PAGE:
Teens help in cigarette butt clean-up effort

A Quincy High School teen and her mother joined forces with the Plumas County Public Health Agency’s Tobacco Use Reduction Program’s Ruben Lopez and the Public Health Agency’s Youth Development Program’s Danielle Blust in a cigarette butt clean-up day last month at Gansner Park. The enthusiastic group ignored the heat in collecting over 92 butts for the day.  Simone Smith, with the help of her mother, Donata Smith, combed the lawns and bushes looking for these small yet harmful bits of toxic waste carelessly tossed aside.

Danielle Blust, left, and Simone Smith team up to rid a local park of cigarette butts. Photo submitted

In 2005, an estimated 135 million pounds of cigarette butts were dumped into the U.S. environment. Cigarette butts are the most common toxic waste found in cleanups and the number one item found on California highways. And contrary to popular belief, they do not decompose completely.

  • The toxic chemicals in cigarette butts are a threat to our aquatic ecosystems.
  • The substances that leach out are highly toxic to freshwater micro-organisms.
  • In 2010, over one million cigarettes were removed from California beaches and inland waterways as part of the annual International Coastal Cleanup.
  • Cigarette butts are poisonous when ingested by children or animals. Just one may be lethal.

Worldwide, it is estimated that 1.69 billion pounds of cigarette butts end up as waste each year. A study conducted by the California Department of Transportation found that cigarette butts make up 34 percent of the total waste captured in California.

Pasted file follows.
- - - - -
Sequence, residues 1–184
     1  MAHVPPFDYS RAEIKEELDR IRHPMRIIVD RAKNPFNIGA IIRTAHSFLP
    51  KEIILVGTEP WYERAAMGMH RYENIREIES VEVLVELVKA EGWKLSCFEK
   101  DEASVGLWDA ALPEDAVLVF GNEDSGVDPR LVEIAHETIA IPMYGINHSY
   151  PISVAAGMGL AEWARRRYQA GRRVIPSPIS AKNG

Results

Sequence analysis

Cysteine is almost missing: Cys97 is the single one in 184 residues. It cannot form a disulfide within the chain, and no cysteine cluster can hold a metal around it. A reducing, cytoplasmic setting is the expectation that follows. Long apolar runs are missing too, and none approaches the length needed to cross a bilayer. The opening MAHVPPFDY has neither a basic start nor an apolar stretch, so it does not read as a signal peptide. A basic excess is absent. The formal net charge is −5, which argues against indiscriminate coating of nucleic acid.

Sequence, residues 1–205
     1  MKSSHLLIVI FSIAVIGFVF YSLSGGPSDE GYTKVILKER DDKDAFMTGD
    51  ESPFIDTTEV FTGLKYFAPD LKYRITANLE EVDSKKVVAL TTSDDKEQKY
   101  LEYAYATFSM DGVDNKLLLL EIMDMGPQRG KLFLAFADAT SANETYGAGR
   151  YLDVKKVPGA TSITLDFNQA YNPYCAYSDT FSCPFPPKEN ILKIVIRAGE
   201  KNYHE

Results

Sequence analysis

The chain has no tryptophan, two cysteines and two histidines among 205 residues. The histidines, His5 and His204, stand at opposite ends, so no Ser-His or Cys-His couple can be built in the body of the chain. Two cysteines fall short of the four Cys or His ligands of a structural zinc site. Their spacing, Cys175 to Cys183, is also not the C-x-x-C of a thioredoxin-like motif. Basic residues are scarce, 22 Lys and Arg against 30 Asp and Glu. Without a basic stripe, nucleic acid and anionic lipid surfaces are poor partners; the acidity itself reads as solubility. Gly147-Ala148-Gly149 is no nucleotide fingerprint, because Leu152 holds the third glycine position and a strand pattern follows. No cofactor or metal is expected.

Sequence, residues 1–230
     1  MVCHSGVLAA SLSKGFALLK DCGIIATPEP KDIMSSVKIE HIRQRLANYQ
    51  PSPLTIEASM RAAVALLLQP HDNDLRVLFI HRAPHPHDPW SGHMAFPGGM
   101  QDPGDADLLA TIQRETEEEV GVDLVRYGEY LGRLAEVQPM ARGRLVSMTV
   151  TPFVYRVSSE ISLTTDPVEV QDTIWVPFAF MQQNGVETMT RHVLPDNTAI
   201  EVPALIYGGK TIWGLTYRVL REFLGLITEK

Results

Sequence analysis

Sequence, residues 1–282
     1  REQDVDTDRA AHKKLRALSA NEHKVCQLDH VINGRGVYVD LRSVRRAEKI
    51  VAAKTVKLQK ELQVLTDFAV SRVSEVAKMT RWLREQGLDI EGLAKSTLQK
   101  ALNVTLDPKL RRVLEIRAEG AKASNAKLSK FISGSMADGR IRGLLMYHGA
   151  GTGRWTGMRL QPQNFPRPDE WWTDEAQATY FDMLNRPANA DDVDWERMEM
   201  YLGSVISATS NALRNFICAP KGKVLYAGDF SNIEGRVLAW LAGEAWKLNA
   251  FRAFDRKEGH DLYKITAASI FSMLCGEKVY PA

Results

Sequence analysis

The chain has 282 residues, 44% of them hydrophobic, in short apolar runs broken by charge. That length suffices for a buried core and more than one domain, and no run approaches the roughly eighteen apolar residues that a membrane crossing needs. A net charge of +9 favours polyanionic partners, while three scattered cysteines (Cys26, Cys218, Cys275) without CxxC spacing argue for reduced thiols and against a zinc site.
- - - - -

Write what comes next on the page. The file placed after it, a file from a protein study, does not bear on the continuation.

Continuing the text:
The production of cigarettes is very damaging to the environment. It is estimated that one tree is consumed for every 300 cigarettes produced – that’s one tree for every one and a half cartons.


Smoking poses a direct threat to our forests, homes and parks.12 Discarded cigarette butts have been linked to large wildfires, resulting in the destruction of wildlife, vegetation and property. Cigarette-induced fires claim hundreds of lives in California each year, not to mention the millions of dollars in property damage.

California spends $41 million annually on waste clean-up. Cigarette butts make up 34 percent of the total waste captured in California. A 2009 study on the impact of tobacco waste in San Francisco streets found that tobacco waste accounted for 25 percent of all litter. It was estimated that cigarette butt waste clean-up costs San Francisco approximately $7.4 million annually. Soon after the results were released, San Francisco enacted a cigarette clean up fee which is used to cleanup butts from streets, tourist venues and storm drains.

There is help available for those who want to quit. The California Smokers’ Helpline has been helping people quit smoking for more than 25 years. The Helpline’s caring counselors are ready to help develop a personalized quit plan that’s right for you. There’s lots of way to connect – visit www.nobutt.org, call 1-800-NO-BUTTS or http://www.novapes.orgor 1-844-8-NO-VAPE.

The infographic below helps explain how toxic cigarette butts are: